(MAJOR SPOILERS AHEAD FOR EPISODE 5):

I woke up and finished the episode. It turns out the men were definitely terrorists and they definitely blew up the building. Oh, and a load more Muslim terrorists were preparing more terrorist attacks in a hotel down the road called Babylon.

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I felt ripped off. Yes, there are terrorists, and there are Muslim terrorists. But there are also lots of Muslims who aren’t terrorists. Pretty much all of them. Surely it would have been more fun and accurate to subvert this plot and flip it on its head? 

I looked for reasons to excuse this cheap trick. There were stereotypes all throughout the episode – a fat, white, redneck American sneering at the Muslim next to him at the lights. The ridiculous mirror-images of Mulder and Scully that turn up to help with the investigation. To my mind, none of this was making any kind of point: The X-Files-esque elements of the show came from Mulder trying to communicate with the comatose bomber via some kind of mushroom-fueled astral projection. It turns out the bomber regretted his actions and led Mulder to the location of the terror cell – but the episode was still all about Muslims as terrorists.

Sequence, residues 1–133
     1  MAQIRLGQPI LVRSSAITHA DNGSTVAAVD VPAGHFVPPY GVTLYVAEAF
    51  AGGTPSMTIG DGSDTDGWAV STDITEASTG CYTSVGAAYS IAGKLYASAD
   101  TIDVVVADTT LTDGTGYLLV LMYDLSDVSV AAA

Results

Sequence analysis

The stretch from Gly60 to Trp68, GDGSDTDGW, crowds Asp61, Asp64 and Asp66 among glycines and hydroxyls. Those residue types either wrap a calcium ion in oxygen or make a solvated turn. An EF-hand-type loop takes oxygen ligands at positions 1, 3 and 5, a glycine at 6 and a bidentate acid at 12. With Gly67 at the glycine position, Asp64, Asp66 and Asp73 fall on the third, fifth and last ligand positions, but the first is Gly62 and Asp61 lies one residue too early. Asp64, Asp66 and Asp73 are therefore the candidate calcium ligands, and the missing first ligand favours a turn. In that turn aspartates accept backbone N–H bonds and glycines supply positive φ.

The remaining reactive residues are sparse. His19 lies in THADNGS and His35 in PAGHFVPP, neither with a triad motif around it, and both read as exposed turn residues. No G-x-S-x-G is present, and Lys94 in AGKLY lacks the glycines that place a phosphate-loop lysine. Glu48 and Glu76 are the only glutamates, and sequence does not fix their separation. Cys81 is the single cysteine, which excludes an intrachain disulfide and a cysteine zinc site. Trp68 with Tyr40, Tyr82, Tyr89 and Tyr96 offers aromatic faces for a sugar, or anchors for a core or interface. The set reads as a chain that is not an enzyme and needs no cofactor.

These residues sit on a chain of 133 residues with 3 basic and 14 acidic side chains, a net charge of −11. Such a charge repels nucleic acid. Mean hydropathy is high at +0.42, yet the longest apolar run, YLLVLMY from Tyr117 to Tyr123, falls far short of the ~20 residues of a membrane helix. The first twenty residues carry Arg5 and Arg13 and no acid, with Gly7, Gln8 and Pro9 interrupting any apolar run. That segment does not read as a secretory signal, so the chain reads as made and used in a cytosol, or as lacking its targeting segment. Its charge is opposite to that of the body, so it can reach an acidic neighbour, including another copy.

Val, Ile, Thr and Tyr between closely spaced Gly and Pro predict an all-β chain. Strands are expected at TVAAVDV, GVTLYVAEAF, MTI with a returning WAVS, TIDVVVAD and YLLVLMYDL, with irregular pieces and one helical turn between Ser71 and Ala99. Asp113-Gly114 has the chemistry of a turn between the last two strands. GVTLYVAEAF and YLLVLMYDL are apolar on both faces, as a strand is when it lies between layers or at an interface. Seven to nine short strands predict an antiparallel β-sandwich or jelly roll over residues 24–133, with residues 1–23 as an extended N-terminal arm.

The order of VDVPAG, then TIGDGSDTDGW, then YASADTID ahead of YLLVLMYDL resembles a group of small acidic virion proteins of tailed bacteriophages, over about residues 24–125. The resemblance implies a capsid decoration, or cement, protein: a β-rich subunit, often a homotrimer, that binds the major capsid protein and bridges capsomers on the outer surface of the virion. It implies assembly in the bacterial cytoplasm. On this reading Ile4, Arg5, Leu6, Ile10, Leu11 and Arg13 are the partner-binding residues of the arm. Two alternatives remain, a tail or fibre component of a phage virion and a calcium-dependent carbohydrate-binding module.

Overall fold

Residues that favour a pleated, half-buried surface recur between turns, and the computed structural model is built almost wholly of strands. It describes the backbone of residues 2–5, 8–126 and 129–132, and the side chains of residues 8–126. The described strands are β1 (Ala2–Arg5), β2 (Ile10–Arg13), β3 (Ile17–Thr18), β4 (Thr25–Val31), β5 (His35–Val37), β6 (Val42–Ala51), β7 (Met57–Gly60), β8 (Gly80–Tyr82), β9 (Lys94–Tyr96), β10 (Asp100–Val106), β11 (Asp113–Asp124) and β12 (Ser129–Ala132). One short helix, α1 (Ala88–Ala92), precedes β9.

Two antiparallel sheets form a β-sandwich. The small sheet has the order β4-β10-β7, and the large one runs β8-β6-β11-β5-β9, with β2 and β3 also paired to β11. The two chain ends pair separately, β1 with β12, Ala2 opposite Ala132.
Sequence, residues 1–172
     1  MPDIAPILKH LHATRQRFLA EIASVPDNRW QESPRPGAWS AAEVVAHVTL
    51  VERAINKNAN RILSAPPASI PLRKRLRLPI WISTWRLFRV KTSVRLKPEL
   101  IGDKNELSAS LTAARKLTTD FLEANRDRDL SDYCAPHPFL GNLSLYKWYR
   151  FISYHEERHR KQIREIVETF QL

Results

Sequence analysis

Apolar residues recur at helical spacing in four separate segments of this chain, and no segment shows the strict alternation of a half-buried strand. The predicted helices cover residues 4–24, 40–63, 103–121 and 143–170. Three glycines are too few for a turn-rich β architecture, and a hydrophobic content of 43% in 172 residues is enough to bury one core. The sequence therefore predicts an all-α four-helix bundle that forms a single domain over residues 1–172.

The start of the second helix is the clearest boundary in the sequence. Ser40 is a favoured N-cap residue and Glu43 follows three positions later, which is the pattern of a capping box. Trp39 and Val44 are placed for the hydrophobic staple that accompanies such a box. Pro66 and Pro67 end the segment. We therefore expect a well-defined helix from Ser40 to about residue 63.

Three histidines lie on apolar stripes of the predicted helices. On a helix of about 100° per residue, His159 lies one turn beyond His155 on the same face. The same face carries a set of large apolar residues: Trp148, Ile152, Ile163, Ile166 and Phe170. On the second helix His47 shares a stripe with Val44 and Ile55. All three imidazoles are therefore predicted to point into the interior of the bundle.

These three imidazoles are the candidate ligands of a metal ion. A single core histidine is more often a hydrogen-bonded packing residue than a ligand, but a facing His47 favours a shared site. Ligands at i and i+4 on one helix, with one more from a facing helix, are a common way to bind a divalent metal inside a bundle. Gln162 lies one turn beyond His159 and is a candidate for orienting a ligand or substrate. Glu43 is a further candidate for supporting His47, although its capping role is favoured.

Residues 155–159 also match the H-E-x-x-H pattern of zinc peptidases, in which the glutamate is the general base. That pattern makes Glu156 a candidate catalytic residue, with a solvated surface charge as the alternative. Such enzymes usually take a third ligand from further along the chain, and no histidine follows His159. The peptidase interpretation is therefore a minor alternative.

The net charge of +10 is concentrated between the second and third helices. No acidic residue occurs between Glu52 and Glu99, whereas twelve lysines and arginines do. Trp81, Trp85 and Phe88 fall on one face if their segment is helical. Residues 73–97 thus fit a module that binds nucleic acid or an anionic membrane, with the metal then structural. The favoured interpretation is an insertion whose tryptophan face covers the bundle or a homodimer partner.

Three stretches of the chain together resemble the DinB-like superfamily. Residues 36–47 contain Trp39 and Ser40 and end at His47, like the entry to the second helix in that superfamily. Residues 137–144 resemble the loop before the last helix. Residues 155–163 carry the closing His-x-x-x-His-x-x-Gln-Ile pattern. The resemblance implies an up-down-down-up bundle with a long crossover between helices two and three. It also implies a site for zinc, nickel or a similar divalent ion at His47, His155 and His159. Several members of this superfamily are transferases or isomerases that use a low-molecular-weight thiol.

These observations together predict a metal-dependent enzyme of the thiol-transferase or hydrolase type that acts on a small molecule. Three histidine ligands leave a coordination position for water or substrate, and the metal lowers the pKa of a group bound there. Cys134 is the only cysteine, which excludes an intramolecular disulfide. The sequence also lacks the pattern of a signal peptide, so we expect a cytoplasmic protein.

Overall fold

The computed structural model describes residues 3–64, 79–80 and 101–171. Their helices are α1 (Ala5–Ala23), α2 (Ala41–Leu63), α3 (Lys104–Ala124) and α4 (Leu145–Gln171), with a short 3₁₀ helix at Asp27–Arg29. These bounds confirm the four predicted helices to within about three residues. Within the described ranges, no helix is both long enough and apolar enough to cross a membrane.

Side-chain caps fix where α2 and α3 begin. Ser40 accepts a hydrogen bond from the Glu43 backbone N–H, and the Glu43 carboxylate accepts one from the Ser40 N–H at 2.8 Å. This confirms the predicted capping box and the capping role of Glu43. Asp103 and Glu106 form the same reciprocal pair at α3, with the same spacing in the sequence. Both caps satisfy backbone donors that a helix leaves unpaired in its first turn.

I’m feeling a bit over it. The episode had its brilliant moments – the sequence of Mulder tripping was one of the best scenes from this whole season so far – but it also sat uncomfortable in the context. This wasn’t a monster-of-the-week episode, this was an episode about TERRORISM.

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X Files is known for both its brilliance and dreadful inconsistency, but next week is the last episode of this short, tumultuous season. Maybe I should appreciate the dream run of episodes 2, 3 and 4. Three out of six ain’t bad. Will it redeem things for the finale? I’m worried: Chris Carter is back, and it ties directly back to the conspiracy set up in episode one. Joel McHale’s back too. Fuck.

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Want to revisit the (kind of) golden years? Click below to watch seasons 1-9 of The X-Files on Lightbox